of flapping wings, means aerodynamic quantification is not as accurate.

Overall, the report discusses a simplistic flapping wing MAVs stability in order to

gain a better knowledge about a technology newly developed and still being perfected.

Stability of a Flapping-Wing MAV Aircraft Stability & Control

Dr. Hesham Ibrahim 35 6 June 2012

9. References

Bierling, T. and Patil, M., Nonlinear Dynamics and Stability of Flapping-Wing Flight,

International Forum on Aeroelasticity and Structural Dynamics, 2009.

COOK, M. V. (1997). Flight Dynamics: Principles. London: Arnold.

Davenport, W, 2007, DEVELOPMENT, MODELING, AND SIMULATION OF A NANO

AERIAL VEHICLE USING EMPIRICAL DATA, UNIVERSITY OF MISSOURI-ROLLA.

Deng, X., Schenato, L., Wu, W. C., and Sastry, S. S., Flapping Flight for Biomimetic

Robotic Insects: Part I - System Modeling, IEEE Transaction on Robotics , Vol. 22, No.

4, August 2006, pp. 776-788.

Evans, M, 2001, Stability of Flapping wing Micro Air Vehicle, University of Toronto.

Leonard, B, 2011, Flapping Wing Flight Dynamic Modeling, Blacksburg, Virginia

McMichael, J. M. and Francis, M. S., Micro Air Vehicles - Toward a new Dimension in

Flight, Tech. rep, Defence Advanced Research Projects Agency TTO Document, 1996.

Meirovitch, L. and Tuzcu, I., Integrated Approach to the Dynamics and Control of

Maneuvering Flexible Aircraft, Tech. rep., NASA and Virginia Polytechnic Institute and

State University, 2005.

Nano Hummingbird, Website, 2011.

Orlowski, C, 2011, Flapping Wing Micro Air Vehicles: An Analysis of the Importance of

the Mass of the Wings to Flight Dynamics, Stability, and Control, The University of

Michigan

Stability of a Flapping-Wing MAV Aircraft Stability & Control

Dr. Hesham Ibrahim 36 6 June 2012

R. Zbikowski, Sensor-rich feedback control: a new paradigm for flight control inspired

by insect agility, Instrumentation & Measurement Magazine, IEEE, vol. 7, no. 3, pp. 19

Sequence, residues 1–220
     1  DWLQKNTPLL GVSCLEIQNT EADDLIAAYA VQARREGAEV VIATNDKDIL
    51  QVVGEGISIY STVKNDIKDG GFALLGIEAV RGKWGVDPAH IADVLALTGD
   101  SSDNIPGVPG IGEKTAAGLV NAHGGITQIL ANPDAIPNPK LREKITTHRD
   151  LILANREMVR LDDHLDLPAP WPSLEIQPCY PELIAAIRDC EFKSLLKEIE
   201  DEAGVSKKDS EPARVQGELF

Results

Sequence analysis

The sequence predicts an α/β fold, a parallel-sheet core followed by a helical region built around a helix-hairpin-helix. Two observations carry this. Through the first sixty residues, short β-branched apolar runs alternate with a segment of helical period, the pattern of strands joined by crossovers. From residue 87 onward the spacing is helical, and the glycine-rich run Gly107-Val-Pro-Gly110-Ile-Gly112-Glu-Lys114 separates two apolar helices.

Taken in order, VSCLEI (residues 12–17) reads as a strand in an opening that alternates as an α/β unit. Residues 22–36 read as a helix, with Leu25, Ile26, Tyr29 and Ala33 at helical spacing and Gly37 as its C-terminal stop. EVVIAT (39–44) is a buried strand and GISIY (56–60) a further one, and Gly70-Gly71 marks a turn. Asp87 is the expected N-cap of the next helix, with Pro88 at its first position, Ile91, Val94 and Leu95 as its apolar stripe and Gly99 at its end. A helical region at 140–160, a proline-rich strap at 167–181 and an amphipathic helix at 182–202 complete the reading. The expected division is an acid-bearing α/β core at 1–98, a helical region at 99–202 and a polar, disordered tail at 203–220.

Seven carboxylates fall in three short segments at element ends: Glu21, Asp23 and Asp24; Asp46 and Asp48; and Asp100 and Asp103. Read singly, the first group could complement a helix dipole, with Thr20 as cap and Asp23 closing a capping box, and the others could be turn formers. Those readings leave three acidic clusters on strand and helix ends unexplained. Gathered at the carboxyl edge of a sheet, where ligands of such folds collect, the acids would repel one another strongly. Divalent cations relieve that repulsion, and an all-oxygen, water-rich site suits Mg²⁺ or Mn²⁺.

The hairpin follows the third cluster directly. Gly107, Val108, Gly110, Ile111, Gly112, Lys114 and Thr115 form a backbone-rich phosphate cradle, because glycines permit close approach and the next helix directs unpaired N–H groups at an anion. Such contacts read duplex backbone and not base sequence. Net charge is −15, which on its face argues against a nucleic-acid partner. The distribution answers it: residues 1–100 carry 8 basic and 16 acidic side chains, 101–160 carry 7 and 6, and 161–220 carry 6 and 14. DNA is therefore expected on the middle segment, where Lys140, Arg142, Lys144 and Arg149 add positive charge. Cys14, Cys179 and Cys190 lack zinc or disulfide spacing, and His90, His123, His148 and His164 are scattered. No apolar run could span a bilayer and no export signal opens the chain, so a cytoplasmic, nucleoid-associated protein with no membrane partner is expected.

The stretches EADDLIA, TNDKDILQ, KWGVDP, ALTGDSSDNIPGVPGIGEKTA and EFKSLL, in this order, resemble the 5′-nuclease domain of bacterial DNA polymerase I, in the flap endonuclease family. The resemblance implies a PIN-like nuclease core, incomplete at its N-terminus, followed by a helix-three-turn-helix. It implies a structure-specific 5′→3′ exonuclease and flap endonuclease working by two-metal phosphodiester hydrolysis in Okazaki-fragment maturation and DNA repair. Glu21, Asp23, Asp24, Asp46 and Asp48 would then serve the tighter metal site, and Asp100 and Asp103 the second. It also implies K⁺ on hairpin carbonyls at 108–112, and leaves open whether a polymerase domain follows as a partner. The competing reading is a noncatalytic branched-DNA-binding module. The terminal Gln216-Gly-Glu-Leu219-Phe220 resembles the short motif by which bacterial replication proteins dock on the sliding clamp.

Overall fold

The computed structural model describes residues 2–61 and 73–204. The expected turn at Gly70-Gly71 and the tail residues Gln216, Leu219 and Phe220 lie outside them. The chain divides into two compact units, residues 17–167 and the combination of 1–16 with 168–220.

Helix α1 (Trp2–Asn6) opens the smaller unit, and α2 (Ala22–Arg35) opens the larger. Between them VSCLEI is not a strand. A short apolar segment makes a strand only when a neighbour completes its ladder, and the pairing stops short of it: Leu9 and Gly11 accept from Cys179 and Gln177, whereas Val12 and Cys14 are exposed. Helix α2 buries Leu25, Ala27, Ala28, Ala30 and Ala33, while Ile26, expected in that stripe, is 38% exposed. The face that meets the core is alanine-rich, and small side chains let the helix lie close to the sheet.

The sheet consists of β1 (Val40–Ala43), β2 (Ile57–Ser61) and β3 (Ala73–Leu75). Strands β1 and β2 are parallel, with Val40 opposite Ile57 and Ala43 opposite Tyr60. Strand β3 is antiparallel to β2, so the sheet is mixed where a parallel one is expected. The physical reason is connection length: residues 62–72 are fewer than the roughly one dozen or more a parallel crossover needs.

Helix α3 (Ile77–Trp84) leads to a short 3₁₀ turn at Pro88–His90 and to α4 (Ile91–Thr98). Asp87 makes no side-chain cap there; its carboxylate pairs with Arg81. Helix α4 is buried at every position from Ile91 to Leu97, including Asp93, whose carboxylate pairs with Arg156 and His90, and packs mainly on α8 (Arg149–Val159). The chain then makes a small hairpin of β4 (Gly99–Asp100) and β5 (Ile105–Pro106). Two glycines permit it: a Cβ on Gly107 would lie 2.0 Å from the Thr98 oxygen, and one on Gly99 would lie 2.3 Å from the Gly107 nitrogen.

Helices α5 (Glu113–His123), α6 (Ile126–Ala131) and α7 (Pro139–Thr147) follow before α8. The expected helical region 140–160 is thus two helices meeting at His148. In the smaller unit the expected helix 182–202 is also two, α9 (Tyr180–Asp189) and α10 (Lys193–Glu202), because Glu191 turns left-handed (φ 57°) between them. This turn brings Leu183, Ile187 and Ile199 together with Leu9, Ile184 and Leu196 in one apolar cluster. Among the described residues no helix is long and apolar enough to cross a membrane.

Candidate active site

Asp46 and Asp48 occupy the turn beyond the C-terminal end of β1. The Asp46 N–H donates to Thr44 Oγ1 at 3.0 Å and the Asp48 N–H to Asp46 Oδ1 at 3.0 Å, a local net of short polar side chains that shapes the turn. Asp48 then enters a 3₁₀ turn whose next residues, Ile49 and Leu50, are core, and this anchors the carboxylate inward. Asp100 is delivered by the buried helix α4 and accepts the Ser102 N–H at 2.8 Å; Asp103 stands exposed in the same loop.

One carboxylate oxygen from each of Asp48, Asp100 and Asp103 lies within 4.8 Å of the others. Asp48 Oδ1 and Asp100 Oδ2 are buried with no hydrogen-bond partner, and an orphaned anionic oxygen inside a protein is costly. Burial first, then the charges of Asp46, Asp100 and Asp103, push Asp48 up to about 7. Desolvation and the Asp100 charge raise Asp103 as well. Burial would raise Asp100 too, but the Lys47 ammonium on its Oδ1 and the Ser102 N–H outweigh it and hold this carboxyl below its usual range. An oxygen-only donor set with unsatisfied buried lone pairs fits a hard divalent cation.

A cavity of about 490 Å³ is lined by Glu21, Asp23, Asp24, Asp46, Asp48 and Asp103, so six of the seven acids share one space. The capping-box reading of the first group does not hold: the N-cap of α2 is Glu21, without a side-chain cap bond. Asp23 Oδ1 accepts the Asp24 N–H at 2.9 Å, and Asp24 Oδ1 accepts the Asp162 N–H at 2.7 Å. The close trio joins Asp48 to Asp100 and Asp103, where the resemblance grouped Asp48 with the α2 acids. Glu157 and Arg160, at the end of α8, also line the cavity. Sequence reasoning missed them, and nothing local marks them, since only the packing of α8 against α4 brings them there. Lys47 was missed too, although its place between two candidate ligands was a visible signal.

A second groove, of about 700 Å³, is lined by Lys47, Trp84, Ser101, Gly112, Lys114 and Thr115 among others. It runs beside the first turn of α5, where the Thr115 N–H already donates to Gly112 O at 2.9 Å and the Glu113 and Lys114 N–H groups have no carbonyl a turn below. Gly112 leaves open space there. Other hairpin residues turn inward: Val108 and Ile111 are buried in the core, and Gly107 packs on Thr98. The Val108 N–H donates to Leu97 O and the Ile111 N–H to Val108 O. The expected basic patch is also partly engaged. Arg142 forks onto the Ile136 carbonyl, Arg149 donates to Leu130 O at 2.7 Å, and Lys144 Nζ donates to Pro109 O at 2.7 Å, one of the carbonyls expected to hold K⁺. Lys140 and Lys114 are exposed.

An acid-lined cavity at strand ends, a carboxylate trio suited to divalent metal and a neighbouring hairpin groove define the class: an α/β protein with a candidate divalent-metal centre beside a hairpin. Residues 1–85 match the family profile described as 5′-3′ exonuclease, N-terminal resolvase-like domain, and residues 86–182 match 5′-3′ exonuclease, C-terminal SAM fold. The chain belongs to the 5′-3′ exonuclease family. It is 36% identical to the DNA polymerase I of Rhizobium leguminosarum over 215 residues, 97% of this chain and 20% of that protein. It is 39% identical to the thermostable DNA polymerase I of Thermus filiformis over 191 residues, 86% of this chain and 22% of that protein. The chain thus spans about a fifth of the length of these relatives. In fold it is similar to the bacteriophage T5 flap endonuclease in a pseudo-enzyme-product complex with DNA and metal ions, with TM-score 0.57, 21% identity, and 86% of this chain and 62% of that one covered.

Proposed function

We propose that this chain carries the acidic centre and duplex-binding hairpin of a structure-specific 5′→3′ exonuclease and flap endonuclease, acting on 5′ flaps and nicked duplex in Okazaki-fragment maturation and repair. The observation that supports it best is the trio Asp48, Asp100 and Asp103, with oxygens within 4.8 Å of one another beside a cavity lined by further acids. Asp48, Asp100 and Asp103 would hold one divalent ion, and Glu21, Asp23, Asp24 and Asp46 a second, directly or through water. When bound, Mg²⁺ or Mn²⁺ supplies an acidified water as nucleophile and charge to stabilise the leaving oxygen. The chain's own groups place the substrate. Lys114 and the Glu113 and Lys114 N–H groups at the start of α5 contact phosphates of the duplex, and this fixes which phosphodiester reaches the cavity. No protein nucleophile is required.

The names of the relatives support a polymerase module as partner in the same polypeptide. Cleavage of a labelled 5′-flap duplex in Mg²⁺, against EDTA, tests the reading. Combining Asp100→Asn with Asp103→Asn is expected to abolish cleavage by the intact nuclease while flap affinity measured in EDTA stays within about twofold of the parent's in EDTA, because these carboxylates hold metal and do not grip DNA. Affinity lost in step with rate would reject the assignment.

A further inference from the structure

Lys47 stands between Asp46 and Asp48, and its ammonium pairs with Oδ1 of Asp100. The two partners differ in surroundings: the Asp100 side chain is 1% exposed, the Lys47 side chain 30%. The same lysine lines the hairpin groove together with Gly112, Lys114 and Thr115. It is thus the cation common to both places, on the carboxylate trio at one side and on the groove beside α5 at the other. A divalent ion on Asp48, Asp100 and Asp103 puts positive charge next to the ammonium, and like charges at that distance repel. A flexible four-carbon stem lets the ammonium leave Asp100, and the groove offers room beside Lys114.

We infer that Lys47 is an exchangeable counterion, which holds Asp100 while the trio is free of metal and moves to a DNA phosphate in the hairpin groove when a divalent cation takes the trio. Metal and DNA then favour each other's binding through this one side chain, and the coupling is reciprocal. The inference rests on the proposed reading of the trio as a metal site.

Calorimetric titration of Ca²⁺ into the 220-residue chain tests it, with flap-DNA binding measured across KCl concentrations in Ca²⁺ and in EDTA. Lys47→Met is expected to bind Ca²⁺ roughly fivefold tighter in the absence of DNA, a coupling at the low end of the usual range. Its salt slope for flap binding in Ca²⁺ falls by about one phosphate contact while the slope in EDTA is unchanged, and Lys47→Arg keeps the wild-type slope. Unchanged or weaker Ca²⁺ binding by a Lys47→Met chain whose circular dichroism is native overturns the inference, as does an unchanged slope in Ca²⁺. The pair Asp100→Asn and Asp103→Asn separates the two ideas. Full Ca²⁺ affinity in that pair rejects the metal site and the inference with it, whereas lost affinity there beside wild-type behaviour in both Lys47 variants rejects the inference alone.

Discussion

26, 2004.

Raymer, D, Aircraft Design: A Conceptual Approach, 3rd Ed., AIAA Educational Series,

1999.

SMITH, J, (1952), The importance of the nervous system in the evolution of animal

flight, Evolution 6, 127}129.

Sun, M. and Xiong, Y., Dynamic flight stability of a hovering bumblebee, The Journal

of Experimental Biology , Vol. 208, 2005, pp. 447-459.

T. N. Pornsin-Sirirak, S. W. Lee, H. Nassef, J. Grasmeyer, Y. C. Tai, C. M. Ho, and M.

Keennon, Mems wing technology for a battery-powered ornithopter, 2000, pp. 799

804.

Stability of a Flapping-Wing MAV Aircraft Stability & Control

Dr. Hesham Ibrahim 37 6 June 2012

APPENDIX

FLAPPING DYNAMICS MATLAB CODE

%Cdu=0;

%Cd0=.0836;

%u0=10;

%m=.01;

%S=.000736;

%------------------------------------------

%CLu=0;

%CL0=.2443;

%CDa=-.2329;

%CLa=8.7162;

%Cma=-.3347;

%------------------------------------------

%c=.0125;

%------------------------------------------

%Xwdot=0;

%Zwdot=0;

%Iy=.00117;

%Mu=0;

%Xq=0;

%Zq=0;

Stability of a Flapping-Wing MAV Aircraft Stability & Control

Dr. Hesham Ibrahim 38 6 June 2012

%Cmad=-6.23;

%Cmq=-6.0391;

%------------------------------------------

%------------------------------------------

%------------------------------------------

t=0:.01:.05;

a=5;

freq=sin(2*20*t*3.142);

lc=.0375;

psi=(-90/57.3)*cos((7200*t)/57.3);

%------------------------------------------

vf=2*lc*20*psi;

sn=sign(freq);

snmanual=[0 1 1 -1 -1 0];

vz=[10*sin(a/57.3)];

vx=[10*cos(a/57.3)];

Veq=(vx.^2+vf.^2+vz.^2).^0.5;

cf=1+cos(4*3.142*20*t);

Vztot=(vf.*snmanual);

Beta=atan((Vztot+vz)/(-vx));

Alphaeq=((a/57.3)*snmanual)-Beta;

sw=.000736;

Veq2=Veq.^2;

Stability of a Flapping-Wing MAV Aircraft Stability & Control

Dr. Hesham Ibrahim 39 6 June 2012

L1=.5*1.225*3.41445*sw*cf(1)*Alphaeq(1)*Veq2(1);

L2=.5*1.225*3.41445*sw*cf(2)*Alphaeq(2)*Veq2(2);

L3=.5*1.225*3.41445*sw*cf(3)*Alphaeq(3)*Veq2(3);

L4=.5*1.225*3.41445*sw*cf(4)*Alphaeq(4)*Veq2(4);

L5=.5*1.225*3.41445*sw*cf(5)*Alphaeq(5)*Veq2(5);

L6=.5*1.225*3.41445*sw*cf(6)*Alphaeq(6)*Veq2(6);

L=[L1 L2 L3 L4 L5 L6];

Cl=[L1*(.5*1.225*Veq2(1)*sw)^-1 L2*(.5*1.225*Veq2(2)*sw)^-1

L3*(.5*1.225*Veq2(3)*sw)^-1

L4*(.5*1.225*Veq2(4)*sw)^-1 L5*(.5*1.225*Veq2(5)*sw)^-1

L6*(.5*1.225*Veq2(6)*sw)^-1];

Dw=0.5*1.225*Veq2*CD*Cf*Alphaeq*sw

Cd=Dw/(0.5*1.225*Veq^2*sw)

Lt=0.5*1.225*V^2*CLt*(20)*st

Dt=0.5*1.225*V^2*[CD0+CLt*(20)^2]st

Fx=Dw*cos(Beta)+Lw*sin(Beta)+Dt*cos(20)-Lt*sin(20)

Fz= Lwcos(Beta)-Dw*sin(Beta)+Dt*sin(20)+Lt*cos(20)

My=(Lw*cos(Beta)-Dwsin(Beta)*Xacw-[Dt*sin(20)+Lt*cos(20)]*Xact